I suspect this is not an unusual topic for an inmate blog site as there is no shortage whatsoever of wrong doings by the state and federal prison systems and staff and no shortage of inmates willing to publicize said blameable actions in hopes for a better existence.
Some in society, politicians even, condemn a better existence for prisoners and yet expect the recidivism rates to somehow magically decline. You cannot however treat people like animals and expect them upon release to be genteel citizens. Some outwardly, through strength of will, present themselves as ”rehabilitated” though time tells us that the return rate is, in most places, far above fifty percent. The cost on taxpayers is astronomical. The cost on society through absentee parents is incalculable.
So why is it that America, the land of the free, incarcerates more of its citizenry, 2.2 million souls, than ANY OTHER country in the world- Russia and S. Korea included? Simple. It’s a money maker for bureaucrats. It’s a wonderful excuse to tax people out of their socks. (You don’t want dangerous felons running around your neighborhood, do you?) And money is forfeited a myriad of other ways by squeezing it out of those least able to afford it- inmates and their families. But that’s the American way, right?
In Ohio it used to be that the farms which inmates worked provided good quality beef, chicken, eggs, and milk for which to feed the inmate population. It was self-sustaining until some bureaucrat decided it was better for them (though certainly not for taxpayers) to sell for a profit the good quality food the farms produced and buy back inferior, ultra-processed meats to feed the inmates. This seemed to be a backlash against the successful Fussell v. ODRC lawsuit for ‘heart healthy’ diets which had just lapsed. A few years later food provision for Ohio prisons was then contracted to the private Aramark company amidst much political maneuvering (the company is said to have money connections to Ohio governor John Kasich) and a torrid of complaints since. (Including that maggots were found in beans at several institutions.)
Then, amazingly, last year Ohio prisons director Gary Mohr sold all of the prison farms (some had just been updated with tens of thousands of dollars) and then just a few months ago inexplicably resigned the director’s post.
It used to be that inmates’ families could send them a box filled with groceries to supplement their diets. Obviously there was no money to be made for the DRC that way so now that nurturance too has been farmed out to the highest bidders. Food boxes for Ohio inmates are now only permitted through one of just three ODRC-approved vendors at exorbitant prices along with clothes boxes and shoes which hawk company ”seconds”: mistake ridden designs and overstocks -all at high-end retail prices plus s&h of course. You can bet the DRC is getting a cut one way or the other.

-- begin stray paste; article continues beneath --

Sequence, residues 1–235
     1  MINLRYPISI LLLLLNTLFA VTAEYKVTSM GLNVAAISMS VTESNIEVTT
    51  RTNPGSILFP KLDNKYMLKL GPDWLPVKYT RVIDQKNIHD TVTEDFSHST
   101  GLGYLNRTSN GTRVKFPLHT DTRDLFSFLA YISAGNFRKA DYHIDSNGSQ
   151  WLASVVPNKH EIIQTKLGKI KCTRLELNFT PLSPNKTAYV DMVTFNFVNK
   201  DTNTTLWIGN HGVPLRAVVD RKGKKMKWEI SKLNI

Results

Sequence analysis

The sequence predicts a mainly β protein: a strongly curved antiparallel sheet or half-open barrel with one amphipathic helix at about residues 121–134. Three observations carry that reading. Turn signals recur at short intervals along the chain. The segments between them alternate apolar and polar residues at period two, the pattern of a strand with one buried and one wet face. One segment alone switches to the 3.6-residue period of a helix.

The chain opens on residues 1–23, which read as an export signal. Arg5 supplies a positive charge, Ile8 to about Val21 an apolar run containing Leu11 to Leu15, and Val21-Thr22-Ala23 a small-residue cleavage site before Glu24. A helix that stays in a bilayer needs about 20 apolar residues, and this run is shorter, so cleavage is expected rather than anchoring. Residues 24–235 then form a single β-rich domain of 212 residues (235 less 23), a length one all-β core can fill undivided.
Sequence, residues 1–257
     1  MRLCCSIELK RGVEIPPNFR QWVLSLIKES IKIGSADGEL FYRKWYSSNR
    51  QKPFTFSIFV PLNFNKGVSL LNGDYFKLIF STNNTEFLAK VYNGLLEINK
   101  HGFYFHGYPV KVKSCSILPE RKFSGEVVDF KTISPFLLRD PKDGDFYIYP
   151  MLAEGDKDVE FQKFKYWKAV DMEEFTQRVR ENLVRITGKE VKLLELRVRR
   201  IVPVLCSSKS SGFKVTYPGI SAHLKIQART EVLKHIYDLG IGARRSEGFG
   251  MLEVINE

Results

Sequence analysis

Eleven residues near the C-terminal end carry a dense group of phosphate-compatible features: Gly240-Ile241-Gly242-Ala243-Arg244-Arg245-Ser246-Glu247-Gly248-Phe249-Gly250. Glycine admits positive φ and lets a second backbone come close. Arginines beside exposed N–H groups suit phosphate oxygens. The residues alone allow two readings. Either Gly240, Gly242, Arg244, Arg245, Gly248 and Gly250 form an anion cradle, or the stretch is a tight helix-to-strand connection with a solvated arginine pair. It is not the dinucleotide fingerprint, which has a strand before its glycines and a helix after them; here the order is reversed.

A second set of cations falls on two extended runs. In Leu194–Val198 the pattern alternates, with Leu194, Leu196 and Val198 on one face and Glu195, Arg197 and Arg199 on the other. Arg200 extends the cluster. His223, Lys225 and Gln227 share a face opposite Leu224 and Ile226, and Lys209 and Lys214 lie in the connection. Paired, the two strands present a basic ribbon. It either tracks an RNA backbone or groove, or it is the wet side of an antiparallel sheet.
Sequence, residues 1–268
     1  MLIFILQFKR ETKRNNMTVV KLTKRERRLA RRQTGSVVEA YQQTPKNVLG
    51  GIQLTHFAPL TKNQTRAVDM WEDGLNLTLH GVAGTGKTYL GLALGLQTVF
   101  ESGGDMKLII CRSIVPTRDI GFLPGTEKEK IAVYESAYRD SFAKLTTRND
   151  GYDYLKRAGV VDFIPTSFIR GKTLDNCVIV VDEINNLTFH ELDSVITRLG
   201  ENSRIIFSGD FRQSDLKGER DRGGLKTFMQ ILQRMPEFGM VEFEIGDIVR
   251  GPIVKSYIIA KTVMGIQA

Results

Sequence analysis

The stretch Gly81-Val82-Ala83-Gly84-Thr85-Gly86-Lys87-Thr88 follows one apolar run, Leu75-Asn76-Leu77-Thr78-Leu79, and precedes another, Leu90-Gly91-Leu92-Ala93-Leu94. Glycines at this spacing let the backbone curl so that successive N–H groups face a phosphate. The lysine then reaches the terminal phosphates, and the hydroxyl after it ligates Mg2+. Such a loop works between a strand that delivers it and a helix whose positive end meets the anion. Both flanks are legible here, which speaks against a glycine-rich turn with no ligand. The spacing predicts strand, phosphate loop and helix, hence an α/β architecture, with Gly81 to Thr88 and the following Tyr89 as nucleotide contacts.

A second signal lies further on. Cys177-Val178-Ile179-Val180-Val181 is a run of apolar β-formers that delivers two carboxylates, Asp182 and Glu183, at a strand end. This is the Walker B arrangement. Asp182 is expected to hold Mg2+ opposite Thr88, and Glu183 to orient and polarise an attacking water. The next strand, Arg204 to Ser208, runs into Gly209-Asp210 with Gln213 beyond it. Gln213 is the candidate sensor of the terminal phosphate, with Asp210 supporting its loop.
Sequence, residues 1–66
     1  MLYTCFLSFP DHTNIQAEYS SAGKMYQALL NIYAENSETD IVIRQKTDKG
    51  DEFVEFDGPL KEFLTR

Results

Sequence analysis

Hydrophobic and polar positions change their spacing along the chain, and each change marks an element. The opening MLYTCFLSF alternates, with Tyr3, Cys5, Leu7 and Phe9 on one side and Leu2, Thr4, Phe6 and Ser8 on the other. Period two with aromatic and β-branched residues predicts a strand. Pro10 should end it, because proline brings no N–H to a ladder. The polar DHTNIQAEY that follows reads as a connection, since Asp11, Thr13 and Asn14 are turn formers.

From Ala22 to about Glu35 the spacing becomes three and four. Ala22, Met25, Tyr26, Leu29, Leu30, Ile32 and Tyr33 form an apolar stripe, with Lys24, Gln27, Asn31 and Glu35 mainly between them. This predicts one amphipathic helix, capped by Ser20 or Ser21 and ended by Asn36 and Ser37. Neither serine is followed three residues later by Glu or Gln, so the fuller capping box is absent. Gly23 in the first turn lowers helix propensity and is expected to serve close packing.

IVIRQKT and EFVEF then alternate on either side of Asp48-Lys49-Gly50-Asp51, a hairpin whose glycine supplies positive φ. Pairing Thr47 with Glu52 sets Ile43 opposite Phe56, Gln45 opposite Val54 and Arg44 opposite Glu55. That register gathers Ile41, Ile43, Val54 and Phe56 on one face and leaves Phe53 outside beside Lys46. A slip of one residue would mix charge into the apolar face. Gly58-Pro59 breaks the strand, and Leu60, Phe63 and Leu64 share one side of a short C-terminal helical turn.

The money raised from fifty-some-thousand inmates in Ohio’s thirty-plus prisons is too good to let slip through the fingers of Ohio’s bureaucratic machine so you can bet the DRC including the parole board are stingy with releases. A few years ago Ohio politicians passed a bill presumptively to help relieve prison overcrowding by putting lower level offenders’ releases into the hands of the DRC. (Like the cat setting the canary loose!) Inmates are eligible for release after serving 80% of their time. Case managers are to vet and ratify candidates and forward names to the warden for presumptive release. It’s rarely done. Less than 3% of those eligible have been released under this bill that, no doubt, cost taxpayers thousands to enact. More hollow exploits coming from our civil ”servants” from the statehouse to prison unit management.
There’s an even more personal and insidious way to deny release to inmates who should otherwise attain it: the writing of conduct reports that are outright fabrications or for supposed infractions that aren’t even on the books. Indeed there really is a violation code for any contrived foible that isn’t covered by the myriad of other rules designated by the ODRC. I personally have been ticketed for possession of handballs on the rec yard coming off the handball court because I could not provide a receipt. And another time for possession of an ”altered” pillow because I had sewn up a 3″ seam tear. I do not lie. Immediately the punishment wasn’t much – a verbal warning. But the real castigation comes from the courts and the parole board. The slightest infraction, legitimate or not, can cause a judge to deny a judicial release and even more likely to cause a potential parolee a minimum three year ”flop”- a denial of release and another trip to the parole board three years down the road. So, very realistically (as it often happens), a very petty ticket causes an otherwise releasable inmate- an American, a child, a parent, a sibling- extended confinement in the boughs of a cold prison.
END OF PART ONE.
Categories: Devven Beaver